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Co-operation with Regional and International Organisations 121. Representatives from the Council of Europe, INTERPOL, the UNDCP, the Commonwealth Secretariat and the CCC have regularly attended meetings of Working Group III. During FATF-V, the FATF has also developed its contacts with the Offshore Group of Banking Supervisors. Wherever possible seminars and conferences are organised in conjunction with and involving the participation of relevant regional and international organisations. The FATF similarly welcomes the opportunity to take part in anti-money laundering events organised by other bodies. In addition to the Council of Europe Conference, FATF members will also be attending the Conference in Courmayeur in June organised jointly by the UN and the Italian Government. As a further measure to promote co-operation between international organisations on anti-laundering initiatives, the Chairman of Working Group III chairs an ad hoc co-ordination group of relevant bodies.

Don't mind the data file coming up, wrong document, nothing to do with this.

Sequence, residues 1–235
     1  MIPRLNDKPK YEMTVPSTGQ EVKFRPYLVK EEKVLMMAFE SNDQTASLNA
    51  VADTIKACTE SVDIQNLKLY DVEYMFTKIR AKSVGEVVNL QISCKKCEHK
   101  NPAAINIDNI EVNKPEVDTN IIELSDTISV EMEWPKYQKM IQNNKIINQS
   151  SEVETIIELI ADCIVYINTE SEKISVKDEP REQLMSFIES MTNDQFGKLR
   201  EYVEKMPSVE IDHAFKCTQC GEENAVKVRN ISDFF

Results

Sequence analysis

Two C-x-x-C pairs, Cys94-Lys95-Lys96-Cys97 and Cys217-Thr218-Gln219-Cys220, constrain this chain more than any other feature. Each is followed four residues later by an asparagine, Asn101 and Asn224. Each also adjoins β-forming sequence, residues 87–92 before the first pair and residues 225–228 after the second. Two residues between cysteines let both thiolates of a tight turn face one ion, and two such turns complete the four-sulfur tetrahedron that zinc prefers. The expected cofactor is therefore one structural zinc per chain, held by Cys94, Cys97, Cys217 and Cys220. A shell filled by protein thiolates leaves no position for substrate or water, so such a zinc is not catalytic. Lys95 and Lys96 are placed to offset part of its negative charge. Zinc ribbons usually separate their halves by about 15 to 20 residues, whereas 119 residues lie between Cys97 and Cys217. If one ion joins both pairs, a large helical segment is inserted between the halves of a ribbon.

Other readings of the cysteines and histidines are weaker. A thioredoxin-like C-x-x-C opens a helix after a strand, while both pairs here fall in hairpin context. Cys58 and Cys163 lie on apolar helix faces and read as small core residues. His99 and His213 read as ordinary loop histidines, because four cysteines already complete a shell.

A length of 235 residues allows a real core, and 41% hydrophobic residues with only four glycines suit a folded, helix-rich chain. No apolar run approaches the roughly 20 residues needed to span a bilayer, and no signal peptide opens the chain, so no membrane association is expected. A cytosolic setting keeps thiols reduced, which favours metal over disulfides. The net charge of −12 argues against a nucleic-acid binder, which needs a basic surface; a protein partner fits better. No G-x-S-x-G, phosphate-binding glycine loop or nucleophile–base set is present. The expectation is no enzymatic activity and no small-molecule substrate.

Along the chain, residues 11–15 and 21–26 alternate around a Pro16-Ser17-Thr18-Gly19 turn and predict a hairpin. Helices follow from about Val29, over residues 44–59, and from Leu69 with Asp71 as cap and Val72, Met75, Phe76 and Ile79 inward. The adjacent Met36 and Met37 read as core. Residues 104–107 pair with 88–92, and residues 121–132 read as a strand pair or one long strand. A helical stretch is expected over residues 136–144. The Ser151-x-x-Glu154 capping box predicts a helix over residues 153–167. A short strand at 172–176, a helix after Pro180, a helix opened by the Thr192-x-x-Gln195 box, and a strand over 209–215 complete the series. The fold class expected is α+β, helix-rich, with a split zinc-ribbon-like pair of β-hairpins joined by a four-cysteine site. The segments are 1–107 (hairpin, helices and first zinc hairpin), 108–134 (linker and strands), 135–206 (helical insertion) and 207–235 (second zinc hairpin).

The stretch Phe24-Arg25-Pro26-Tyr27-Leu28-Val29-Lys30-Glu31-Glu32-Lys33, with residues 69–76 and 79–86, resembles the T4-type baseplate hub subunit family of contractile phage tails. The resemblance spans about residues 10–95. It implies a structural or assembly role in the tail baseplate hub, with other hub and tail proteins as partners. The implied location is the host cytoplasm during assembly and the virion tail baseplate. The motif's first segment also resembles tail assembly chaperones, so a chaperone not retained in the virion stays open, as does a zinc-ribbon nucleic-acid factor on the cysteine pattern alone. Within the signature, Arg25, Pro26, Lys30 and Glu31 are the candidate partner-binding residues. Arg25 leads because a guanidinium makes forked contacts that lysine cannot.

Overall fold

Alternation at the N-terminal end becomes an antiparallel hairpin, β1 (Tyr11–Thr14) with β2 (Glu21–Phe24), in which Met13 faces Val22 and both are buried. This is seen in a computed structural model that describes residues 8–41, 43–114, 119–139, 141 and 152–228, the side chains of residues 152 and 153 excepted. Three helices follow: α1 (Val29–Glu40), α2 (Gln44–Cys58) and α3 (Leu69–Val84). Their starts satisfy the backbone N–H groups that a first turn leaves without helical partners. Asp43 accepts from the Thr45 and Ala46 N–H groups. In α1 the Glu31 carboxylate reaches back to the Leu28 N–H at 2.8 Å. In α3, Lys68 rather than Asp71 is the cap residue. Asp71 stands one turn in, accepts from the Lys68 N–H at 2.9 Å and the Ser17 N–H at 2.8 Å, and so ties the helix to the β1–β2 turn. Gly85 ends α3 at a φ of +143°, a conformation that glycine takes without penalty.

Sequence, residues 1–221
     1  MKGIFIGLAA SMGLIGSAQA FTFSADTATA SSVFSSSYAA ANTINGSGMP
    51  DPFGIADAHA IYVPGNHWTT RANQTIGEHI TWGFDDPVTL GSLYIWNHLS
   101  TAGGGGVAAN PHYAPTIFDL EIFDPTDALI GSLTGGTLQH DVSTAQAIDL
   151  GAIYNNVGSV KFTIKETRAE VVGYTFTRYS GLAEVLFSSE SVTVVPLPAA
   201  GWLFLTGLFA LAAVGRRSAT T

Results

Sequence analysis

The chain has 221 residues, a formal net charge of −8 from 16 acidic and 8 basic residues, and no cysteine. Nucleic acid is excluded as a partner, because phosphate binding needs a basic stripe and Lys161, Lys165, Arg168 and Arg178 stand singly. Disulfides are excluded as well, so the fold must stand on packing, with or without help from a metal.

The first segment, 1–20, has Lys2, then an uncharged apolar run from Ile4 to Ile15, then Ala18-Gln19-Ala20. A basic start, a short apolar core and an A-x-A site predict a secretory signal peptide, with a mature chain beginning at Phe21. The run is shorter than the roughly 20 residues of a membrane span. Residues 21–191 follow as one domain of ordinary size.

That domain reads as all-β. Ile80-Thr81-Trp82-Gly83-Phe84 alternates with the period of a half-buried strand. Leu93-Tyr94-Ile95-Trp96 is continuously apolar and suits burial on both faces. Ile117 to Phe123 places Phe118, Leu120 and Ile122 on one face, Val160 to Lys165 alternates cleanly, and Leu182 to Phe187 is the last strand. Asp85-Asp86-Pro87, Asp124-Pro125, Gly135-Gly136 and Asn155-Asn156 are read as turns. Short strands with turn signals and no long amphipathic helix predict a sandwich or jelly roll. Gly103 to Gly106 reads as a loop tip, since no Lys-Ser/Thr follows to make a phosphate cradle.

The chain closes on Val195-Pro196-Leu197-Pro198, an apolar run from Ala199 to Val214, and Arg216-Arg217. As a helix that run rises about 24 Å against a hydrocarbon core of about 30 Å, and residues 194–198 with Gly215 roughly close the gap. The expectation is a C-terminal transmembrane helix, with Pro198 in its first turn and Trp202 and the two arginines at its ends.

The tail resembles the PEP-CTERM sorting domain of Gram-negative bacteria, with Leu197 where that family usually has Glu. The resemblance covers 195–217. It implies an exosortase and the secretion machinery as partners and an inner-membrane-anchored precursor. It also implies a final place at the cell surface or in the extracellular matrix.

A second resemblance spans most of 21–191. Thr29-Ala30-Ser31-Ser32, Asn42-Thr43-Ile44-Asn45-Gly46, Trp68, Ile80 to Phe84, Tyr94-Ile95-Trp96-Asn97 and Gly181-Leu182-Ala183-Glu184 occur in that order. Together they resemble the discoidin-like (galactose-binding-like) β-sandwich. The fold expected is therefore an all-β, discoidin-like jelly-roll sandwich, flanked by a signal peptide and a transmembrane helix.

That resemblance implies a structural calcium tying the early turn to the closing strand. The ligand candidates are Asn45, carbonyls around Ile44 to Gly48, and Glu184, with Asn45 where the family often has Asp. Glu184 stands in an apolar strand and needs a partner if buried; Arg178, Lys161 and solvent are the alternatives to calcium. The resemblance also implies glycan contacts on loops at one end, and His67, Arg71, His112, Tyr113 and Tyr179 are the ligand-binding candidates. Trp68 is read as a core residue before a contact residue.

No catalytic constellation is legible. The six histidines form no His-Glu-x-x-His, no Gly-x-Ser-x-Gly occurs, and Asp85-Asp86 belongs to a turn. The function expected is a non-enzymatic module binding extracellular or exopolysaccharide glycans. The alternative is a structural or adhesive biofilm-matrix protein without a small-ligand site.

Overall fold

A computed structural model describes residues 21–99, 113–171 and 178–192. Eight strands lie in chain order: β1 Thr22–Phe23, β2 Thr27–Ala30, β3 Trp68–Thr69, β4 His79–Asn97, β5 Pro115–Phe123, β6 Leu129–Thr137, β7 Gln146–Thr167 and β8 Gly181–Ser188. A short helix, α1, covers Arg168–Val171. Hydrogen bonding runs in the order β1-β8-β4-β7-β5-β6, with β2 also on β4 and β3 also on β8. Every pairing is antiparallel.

CONCLUSION 122. In 1993-1994, the member jurisdictions of the FATF achieved significant progress in the fight against money laundering. As the main money laundering policy maker, the FATF has once again proved that its flexible structure did not impede effective results. There has been substantial improvement in the implementation of the forty Recommendations by FATF member Governments. The review of money laundering techniques and counter-measures was again an essential and beneficial part of the work of the Task Force. The FATF continued to carry out a significant external relations action which has already resulted in positive steps being taken by non-member countries. 123. While considerable progress has already been made in combating money laundering, further action remains to be taken to achieve the FATFs programme. Efforts must still be made by FATF member governments to obtain a complete implementation of the forty Recommendations. The need for continuing action against money laundering is obvious. It is for this reason that it was decided that the FATF should continue its work for a further five years and that, while drug money laundering remained a principal focus, it should continue to cover money laundering of the proceeds of serious crimes and/or offences which generate significant funds. As money laundering is an evolutionary phenomenon, it is essential to keep abreast of trends and methods in this domain so as to facilitate the adoption of relevant counter-measures. In parallel, it is also essential to keep under constant review the existing counter-measures. As money laundering cannot be combated effectively if action is restricted to FATF members, it is of the utmost importance to encourage further the adoption of anti-money laundering measures in third countries. Indeed, the underlying objective of the FATF should be to ensure the implementation of effective programmes to combat money laundering in these countries. 124. As the world-wide mobilisation against money laundering is the ultimate goal of the FATF, its external relations work will be given a high priority in the forthcoming years. FATF-VI, under the presidency of the Kingdom of the Netherlands, will carry forward this task.